Plan estate for <span class="char-style-override-2">now</span>

A few years ago, I signed up to ride in the Tour de Kota, the 450-mile bike ride through South Dakota. I signed up thinking it would be a nice bonding opportunity for my then 13-year-old son and me. But there was a problem — I hadn’t ridden a bike since I was a child! The idea of riding 450 miles was so overwhelming that I didn’t know where to start. So, I started with the bike.

Plan estate for now

A few years ago, I signed up to ride in the Tour de Kota, the 450-mile bike ride through South Dakota. I signed up thinking it would be a nice bonding opportunity for my then 13-year-old son and me. But there was a problem — I hadn’t ridden a bike since I was a child! The idea of riding 450 miles was so overwhelming that I didn’t know where to start. So, I started with the bike. I went to a great bike shop in town, and the staff helped us get the equipment. They offered training tips to help us get started. I started small: 10-mile rides, then 15-mile. I found that when I quit looking at the daunting, overwhelming number of 450 miles, and the unknowns and doubts that went with it, I could do what it took to prepare myself. I was no longer paralyzed from acting. It was one step at a time, and it was fun!

I have seen this same phenomenon when setting up an estate plan. The “what ifs” of the distant future threaten to keep people from even beginning to create a plan. They don’t want to put a plan in place for fear that some circumstance could change, or they think they have to have 450 answers to questions they don’t even know. For farmers, it might be that they don’t know how long they will be able to farm, or whether another family operator will join the business, or whether the one currently in the business will continue farming. The distant future holds too many unknowns, and it causes inaction in the present because the unknowns seem too overwhelming.

But the reality is that the unknowns will continue to be unknown until they are known. Because we don’t have the answers for what’s going to happen in the future, we plan for now. This happens all the time in day-to-day living. In your day-to-day operations, you live based on the best information you have available — and then adjust as the need arises. You may not know what corn prices are going to do, or land prices, but you make your decision to buy or sell based on the best information you have available to you at the time. You do not buy the tractor or the fertilizer you think you might need in the future; you buy the equipment and inputs that will be best for your circumstances now. You plan for now, not 10 years in the future.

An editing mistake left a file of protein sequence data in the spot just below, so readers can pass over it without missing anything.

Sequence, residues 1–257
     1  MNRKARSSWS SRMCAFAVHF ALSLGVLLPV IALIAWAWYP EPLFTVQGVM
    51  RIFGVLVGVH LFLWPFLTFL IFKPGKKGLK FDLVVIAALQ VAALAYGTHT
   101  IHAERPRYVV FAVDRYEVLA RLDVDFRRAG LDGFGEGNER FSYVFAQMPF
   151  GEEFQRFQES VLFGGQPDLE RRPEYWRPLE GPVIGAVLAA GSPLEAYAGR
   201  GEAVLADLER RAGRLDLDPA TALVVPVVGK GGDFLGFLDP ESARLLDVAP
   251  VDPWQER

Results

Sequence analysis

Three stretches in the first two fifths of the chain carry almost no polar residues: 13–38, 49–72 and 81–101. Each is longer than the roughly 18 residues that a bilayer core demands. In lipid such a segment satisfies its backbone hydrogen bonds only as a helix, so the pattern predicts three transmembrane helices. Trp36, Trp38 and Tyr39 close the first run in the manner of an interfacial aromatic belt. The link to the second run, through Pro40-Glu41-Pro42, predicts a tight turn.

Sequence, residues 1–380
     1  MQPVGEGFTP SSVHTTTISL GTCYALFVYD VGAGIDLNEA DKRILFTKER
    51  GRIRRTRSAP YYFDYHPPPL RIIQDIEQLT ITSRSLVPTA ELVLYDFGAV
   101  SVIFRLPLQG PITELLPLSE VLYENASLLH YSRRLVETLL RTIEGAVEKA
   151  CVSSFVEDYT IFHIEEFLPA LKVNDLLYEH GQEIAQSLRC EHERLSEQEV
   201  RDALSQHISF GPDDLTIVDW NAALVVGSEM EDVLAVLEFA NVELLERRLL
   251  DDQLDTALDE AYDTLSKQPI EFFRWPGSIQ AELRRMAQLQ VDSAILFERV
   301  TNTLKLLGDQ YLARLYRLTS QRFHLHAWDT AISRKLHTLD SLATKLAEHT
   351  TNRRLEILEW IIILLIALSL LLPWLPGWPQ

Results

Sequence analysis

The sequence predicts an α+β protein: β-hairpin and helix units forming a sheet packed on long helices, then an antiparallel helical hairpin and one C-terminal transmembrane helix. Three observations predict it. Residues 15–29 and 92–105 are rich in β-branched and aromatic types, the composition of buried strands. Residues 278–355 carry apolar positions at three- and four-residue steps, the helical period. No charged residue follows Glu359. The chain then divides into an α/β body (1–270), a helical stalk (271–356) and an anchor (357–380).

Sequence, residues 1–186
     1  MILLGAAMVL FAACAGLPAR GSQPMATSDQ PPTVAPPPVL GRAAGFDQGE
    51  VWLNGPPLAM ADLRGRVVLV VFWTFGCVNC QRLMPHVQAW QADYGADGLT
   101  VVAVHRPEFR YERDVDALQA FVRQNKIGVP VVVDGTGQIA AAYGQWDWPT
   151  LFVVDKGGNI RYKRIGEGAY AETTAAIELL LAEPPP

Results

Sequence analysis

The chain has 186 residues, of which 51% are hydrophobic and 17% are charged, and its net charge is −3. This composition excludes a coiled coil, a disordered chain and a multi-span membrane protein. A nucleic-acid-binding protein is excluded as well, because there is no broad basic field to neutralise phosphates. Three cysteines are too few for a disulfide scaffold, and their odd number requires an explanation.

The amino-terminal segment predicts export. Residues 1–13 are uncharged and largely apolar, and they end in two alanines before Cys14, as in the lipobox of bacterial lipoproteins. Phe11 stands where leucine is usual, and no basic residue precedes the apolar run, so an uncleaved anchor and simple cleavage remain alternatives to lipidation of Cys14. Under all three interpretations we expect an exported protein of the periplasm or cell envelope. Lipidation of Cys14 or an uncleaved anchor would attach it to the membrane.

This same approach applies to estate planning. You plan for now. I have found if you stay focused on the next five years, you can focus on what works for your family for now. Establish a plan that you believe will fulfill the needs and circumstances you can reasonably foresee in the next five years. Getting too far ahead in what might happen in the future can cause you to miss what is important now. It’s important to remember, however, that one of the unknowns is death (not as to occurrence, which is a certainty, but as to its timing), which is why it’s imperative to have a plan in place sooner rather than later. But be reassured that most components of an estate plan are not set in stone — they can be changed as life changes. Often with estate plans, when changes are necessary, they are not major overhauls, only small adjustments. For instance, if a child later comes back to the farm, a plan can often be altered to include provisions that he or she receives the operating site, or that ensures upon your death that the child can continue the operations. You can change your estate plan as you see the goals and circumstances of your beneficiaries change.

Don’t let the future’s “what ifs” stop you from putting a plan in place now. It all begins with the first step — just like my first few miles on the bike. Set up an appointment with a qualified estate planning attorney. Keep focused on the next five years. And know that most components of an estate plan are revocable, meaning they can be updated and amended as life’s circumstances and needs change. A qualified estate planning attorney can advise as to which estate planning strategies and options will work best for you in your individual circumstances. Don’t stay “off the bike” because the distance seems too long; work with a professional who can provide the training tips and tools you need to accomplish your goals!

Thompson, Sioux Falls, S.D., is an estate planning attorney. For more information, contact her at 605-362-9100 or see www.cathompsonlaw.com.

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This article published in the August, 2014 edition of DAKOTA FARMER.

All rights reserved. Copyright Farm Progress Cos. 2014.

Tax/Estate Management

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